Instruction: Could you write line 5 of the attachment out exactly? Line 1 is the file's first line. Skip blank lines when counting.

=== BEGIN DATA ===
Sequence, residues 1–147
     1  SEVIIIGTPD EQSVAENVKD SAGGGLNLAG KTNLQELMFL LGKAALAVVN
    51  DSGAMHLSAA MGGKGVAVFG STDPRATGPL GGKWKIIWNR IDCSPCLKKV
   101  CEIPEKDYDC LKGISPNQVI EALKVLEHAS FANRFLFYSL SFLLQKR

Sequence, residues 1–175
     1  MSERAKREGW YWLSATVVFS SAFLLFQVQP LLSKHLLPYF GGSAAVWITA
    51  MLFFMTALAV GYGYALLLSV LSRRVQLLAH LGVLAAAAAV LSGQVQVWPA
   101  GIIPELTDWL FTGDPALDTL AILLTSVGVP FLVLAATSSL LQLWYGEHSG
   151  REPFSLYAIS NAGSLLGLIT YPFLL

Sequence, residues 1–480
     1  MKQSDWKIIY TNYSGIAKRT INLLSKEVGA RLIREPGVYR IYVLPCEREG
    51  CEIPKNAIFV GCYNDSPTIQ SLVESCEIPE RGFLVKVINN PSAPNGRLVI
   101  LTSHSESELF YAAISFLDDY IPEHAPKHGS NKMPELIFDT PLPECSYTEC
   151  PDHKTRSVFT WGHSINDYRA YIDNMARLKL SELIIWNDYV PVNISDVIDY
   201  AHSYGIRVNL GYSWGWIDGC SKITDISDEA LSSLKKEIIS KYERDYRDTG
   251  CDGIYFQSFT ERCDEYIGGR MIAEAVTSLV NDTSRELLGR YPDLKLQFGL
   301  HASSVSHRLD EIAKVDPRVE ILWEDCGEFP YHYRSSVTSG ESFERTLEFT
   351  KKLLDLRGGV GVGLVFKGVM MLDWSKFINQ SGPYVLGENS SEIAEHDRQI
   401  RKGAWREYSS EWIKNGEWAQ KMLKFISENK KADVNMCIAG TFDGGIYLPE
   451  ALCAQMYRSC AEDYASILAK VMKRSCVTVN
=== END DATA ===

Sequence, residues 1–175